A building desire for woody biomass and a glut of forest materials has Arkansas set to be a major player in that sector of renewable energy, not just in the Midwest, but around the world. This article from the City Wire, which serves Northwest Arkansas, says the state’s biomass industry got some help this summer by some timely multi-million dollar investments in commercial biomass and by Europe’s desire to use the green fuel.
On July 30, Zilkha Biomass Energy announced plans to build a proprietary black wood pellet manufacturing plant in Monticello that company officials said could be easily integrated into the energy grid as a clean energy alternative to coal-powered electricity.
“Power companies across the globe are looking for renewable energy alternatives and biomass wood pellets stand as one of the most practical and cost-effective solutions,” said Jack Holmes, CEO of Zilkha Biomass Energy. “This plant in Monticello will be one of Zilkha’s largest and will help us capture more of the growing biomass energy market.”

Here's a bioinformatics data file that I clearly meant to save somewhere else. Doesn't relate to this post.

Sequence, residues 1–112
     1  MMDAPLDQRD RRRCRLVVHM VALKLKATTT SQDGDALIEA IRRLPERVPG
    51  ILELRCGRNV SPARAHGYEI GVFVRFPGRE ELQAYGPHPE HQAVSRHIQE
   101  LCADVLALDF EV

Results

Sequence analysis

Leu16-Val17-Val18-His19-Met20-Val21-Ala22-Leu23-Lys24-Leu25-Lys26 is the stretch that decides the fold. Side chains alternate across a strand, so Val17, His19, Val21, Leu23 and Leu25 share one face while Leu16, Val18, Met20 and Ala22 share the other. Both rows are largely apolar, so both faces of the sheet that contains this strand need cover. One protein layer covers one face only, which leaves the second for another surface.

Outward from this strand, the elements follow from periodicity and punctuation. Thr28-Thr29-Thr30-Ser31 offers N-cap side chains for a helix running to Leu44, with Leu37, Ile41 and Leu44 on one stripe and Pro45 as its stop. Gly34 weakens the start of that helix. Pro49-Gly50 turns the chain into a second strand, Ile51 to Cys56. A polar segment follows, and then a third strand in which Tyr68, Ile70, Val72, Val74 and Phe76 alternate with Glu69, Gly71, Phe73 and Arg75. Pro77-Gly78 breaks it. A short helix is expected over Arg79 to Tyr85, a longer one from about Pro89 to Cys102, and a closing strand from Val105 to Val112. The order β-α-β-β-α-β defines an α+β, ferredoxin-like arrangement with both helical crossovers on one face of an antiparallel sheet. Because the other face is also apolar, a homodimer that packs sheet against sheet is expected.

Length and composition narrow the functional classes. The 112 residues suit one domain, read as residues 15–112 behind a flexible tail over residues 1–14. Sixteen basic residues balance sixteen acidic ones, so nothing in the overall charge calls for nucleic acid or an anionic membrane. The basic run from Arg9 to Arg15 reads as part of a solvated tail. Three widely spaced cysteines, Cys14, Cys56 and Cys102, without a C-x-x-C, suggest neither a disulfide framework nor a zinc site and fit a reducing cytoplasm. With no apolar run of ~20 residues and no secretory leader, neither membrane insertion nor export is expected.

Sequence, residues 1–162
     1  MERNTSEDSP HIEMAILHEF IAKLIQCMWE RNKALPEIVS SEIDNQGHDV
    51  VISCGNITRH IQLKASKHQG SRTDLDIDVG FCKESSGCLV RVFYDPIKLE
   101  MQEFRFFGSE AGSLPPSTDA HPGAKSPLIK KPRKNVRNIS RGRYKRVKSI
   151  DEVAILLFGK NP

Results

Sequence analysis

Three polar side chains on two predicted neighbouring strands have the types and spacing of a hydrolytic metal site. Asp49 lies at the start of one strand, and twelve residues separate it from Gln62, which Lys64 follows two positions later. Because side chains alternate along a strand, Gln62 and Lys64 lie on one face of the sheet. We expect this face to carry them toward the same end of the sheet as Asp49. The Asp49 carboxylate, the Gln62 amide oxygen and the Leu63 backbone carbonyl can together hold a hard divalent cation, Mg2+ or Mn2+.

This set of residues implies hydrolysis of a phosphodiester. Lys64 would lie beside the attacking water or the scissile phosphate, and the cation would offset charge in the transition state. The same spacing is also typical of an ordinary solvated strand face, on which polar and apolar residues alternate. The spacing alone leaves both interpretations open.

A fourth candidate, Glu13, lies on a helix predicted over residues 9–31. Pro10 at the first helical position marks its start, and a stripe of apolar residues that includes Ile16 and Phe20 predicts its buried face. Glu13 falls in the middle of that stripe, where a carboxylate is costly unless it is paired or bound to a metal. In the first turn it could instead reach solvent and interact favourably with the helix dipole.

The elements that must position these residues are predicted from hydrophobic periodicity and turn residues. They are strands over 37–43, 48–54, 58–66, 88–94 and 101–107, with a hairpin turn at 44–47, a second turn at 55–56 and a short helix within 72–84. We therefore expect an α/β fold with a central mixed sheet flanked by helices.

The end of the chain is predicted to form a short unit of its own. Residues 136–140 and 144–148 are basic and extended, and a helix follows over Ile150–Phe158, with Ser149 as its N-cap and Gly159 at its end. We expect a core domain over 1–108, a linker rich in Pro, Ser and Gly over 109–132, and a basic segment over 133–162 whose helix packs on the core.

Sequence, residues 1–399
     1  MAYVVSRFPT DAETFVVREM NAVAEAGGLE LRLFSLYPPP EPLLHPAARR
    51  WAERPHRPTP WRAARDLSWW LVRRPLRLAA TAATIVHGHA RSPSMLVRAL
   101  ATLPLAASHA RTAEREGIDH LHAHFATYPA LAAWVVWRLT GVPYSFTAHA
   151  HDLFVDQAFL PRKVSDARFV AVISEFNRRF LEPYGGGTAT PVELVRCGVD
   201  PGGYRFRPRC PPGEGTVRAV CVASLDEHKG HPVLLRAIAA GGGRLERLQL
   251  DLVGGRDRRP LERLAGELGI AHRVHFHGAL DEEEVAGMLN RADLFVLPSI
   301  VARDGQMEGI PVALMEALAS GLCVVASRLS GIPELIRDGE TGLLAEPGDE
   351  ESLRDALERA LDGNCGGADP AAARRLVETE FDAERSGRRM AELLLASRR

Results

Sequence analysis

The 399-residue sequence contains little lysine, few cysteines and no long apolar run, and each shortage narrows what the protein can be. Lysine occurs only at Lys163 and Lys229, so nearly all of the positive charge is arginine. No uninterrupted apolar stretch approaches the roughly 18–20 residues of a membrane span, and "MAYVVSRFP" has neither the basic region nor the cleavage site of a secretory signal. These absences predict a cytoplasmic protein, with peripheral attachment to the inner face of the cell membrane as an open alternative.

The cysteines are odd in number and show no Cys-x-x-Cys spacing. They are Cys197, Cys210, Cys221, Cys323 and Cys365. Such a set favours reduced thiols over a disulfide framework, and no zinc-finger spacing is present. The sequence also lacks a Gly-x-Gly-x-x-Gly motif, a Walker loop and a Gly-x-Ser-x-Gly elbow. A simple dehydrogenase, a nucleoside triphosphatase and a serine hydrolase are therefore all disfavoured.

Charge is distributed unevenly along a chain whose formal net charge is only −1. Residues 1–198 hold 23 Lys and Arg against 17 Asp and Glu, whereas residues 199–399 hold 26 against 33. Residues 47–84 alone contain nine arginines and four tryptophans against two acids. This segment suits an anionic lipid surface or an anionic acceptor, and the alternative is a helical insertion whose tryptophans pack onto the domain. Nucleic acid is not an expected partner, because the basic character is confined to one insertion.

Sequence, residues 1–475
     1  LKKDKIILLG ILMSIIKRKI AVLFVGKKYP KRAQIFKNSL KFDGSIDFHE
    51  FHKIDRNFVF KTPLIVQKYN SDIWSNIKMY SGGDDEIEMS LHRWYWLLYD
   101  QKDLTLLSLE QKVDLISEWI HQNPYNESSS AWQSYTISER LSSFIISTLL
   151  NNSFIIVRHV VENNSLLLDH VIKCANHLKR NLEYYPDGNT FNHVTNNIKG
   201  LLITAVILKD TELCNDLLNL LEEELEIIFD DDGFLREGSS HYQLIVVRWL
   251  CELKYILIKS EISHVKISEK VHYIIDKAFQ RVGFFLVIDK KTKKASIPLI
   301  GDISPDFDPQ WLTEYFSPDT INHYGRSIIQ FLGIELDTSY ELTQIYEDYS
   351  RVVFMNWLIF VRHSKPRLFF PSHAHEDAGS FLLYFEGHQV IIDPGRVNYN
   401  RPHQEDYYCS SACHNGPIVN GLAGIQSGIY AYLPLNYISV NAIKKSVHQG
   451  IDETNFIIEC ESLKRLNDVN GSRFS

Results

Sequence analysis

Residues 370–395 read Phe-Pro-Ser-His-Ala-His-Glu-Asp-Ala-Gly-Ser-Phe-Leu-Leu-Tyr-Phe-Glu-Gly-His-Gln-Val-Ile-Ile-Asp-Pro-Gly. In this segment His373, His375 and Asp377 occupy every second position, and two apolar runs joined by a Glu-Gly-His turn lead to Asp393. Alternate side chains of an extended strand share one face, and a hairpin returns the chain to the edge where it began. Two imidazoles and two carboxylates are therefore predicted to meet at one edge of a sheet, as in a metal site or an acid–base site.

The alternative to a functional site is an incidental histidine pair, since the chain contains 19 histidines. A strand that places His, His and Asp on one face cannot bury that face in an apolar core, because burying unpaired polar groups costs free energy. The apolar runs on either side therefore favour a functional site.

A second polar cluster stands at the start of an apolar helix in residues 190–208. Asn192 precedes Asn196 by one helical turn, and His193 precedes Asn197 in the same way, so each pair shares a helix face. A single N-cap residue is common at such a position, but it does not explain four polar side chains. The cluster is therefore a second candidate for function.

Grant Tennille, executive director of the Arkansas Economic Development Commission, is one of the state’s biggest cheerleaders for the biomass industry.
Now, Tennille said, Arkansas is poised to become a big player in the biomass sector as the wood pellet market takes off in Europe.
According to the U.S. Energy Information Administration, wood pellet exports from the U.S. nearly doubled last year, from 1.6 million short tons (approximately 22 trillion Btu) in 2012 to 3.2 million short tons in 2013. More than 98% of these exports were delivered to Europe, and 99% originated from ports in the southeastern and lower Mid-Atlantic regions of the country.
Given the fact that the European Commission wants to reduce EU greenhouse gas emissions by 20 percent from 1990 levels, increase the renewable portion of EU energy consumption by 20 percent, and improve EU energy efficiency by 20 percent, and the large amount of woody biomass Arkansas offers to help meet those goals – an estimated 19.8 billion kilowatts (kwh) of electricity that could be generated using renewable biomass from the state – it’s no wonder the biomass future looks so bright in Arkansas.